OPINION: Women face becoming victims of 'grave injustice' over changes to retirement age

Barbara Keeley MP (third from the left) joins the Women Against State Pension Inequality campaign group. Credit: WASPI / Barbara Keeley MP

Written by Barbara Keeley MP (Labour, Worsley and Eccles South)

Imagine you are a woman aged 57 and a half, looking forward to retiring in two and a half years time.

You suddenly get a letter from the Department of Work and Pensions saying that your retirement age for the State Pension is not 60 years it is 66. So, you now have eight and a half years more to work and a very short time left to change your plans or to save.

That is the worst example of the grave injustice that will affect hundreds of thousands of women in the North West in coming months and years. In future, both men and women will retire at the same age. By 2018, this age will be 65 and by 2020 it will be 66.

But there are two problems with the way these changes are happening.

The changes were started under John Major’s Government in 1995. But the women (and men) affected were not notified of the changes. Then, in 2011, the Conservative-led Coalition decided to accelerate the pace of the changes, breaking a promise they had made in their coalition agreement in May 2010.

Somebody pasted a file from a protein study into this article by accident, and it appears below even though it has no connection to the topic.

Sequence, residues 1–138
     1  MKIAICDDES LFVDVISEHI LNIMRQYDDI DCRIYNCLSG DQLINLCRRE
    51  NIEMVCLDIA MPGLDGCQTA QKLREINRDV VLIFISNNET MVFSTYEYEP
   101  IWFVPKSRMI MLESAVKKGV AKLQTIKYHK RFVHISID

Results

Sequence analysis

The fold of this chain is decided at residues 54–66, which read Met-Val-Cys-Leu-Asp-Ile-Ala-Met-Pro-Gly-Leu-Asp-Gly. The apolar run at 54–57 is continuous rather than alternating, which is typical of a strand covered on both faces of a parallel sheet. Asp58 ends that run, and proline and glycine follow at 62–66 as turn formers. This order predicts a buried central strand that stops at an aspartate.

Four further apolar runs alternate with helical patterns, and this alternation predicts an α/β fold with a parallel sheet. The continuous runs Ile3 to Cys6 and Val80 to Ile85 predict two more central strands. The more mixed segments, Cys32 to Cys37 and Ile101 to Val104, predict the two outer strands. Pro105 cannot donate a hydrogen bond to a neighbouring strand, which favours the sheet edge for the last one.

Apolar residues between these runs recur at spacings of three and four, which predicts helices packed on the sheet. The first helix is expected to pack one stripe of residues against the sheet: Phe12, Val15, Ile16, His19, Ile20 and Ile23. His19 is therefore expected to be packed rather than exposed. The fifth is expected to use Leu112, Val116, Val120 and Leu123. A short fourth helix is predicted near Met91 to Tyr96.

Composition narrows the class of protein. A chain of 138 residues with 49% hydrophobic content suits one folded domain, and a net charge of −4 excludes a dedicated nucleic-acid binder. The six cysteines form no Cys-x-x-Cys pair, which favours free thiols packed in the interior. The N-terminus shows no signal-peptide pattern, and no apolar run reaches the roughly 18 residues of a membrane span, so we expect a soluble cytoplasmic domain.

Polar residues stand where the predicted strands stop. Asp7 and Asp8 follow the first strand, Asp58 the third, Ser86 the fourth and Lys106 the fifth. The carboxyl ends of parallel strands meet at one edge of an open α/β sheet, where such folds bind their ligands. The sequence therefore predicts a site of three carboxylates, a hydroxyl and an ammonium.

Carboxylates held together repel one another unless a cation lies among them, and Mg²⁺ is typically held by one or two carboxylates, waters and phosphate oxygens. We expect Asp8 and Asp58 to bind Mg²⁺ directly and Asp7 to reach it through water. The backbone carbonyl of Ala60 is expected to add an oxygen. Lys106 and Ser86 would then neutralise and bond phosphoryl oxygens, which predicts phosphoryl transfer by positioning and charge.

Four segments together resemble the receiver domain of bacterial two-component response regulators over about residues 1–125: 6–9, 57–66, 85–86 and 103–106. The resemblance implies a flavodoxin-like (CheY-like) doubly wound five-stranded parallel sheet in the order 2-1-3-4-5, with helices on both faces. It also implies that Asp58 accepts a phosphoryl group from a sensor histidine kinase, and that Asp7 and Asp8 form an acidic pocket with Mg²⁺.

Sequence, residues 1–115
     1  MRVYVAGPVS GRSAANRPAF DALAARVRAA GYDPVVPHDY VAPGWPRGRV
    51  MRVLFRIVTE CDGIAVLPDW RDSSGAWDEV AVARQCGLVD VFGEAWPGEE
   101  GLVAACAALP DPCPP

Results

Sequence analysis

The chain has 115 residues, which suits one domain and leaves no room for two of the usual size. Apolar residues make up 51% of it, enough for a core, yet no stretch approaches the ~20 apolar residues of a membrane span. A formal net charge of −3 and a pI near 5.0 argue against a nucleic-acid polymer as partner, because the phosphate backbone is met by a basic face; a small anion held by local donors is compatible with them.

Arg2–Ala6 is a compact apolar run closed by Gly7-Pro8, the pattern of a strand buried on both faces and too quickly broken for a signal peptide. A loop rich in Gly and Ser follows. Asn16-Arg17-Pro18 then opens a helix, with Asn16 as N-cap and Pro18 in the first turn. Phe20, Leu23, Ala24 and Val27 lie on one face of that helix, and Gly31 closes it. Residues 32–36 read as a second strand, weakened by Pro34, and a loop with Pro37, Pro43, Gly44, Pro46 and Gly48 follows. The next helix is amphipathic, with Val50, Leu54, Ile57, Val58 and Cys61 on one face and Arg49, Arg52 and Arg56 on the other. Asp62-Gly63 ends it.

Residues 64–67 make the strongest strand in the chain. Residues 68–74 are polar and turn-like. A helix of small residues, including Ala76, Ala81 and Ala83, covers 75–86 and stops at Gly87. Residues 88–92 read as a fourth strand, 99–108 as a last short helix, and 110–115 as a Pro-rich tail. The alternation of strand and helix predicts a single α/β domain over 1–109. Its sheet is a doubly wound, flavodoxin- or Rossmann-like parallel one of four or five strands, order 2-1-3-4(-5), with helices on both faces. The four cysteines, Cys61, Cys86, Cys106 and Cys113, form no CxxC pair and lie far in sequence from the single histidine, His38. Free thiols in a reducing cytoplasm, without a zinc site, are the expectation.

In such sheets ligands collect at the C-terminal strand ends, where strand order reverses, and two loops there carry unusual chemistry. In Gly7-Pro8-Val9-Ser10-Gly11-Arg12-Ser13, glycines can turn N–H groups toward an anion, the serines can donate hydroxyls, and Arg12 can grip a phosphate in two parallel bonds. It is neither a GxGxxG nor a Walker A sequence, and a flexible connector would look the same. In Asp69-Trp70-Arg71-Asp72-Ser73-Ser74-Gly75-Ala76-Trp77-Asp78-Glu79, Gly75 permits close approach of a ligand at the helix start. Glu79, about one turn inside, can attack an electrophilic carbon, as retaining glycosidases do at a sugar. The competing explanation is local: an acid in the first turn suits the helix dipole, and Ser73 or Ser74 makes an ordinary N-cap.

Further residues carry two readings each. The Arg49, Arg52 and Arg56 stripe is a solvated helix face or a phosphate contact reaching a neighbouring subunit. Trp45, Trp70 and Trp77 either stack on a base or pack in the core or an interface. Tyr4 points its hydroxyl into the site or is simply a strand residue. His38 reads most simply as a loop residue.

Letters about the state pension age changes were only sent out in 2012 and 2013, and many of the women affected did not receive one. As 1950s-born women started to be hit by these changes and suffered hardship, many started to contact their MPs.

I have heard from women who now have no job, no pension and very little money to live on.

Women who have worked and made contributions to their pension for over 40 years and who are now forced to go to the JobCentre or to join the Work Programme.

Many women in their 60s who have worked all their lives and brought up children have health problems which stop them working. Many women also give up work early so that they can care for family members, such as a parent with dementia.

A campaign group called Women Against State Pension Inequality (WASPI)is campaigning on these issues for 1950s-born women. The group has started an e-petition, calling on the Government to make fair transitional arrangements for the women affected by this injustice.

I led a debate on this in Westminster on December 2nd and I co-sponsored a second debate on January 7th, with MPs from 6 different political parties. Our motion for that debate called on the Government to bring in immediately transitional arrangements for those women negatively affected by the acceleration of the increases in the State Pension Age.

We won the vote on this by 158-0 but the Government is showing no signs of helping the women affected. I will keep fighting to help all the women born in the 1950s who are unjustly being denied a state pension that they have worked for all their lives.

Barbara Keeley MP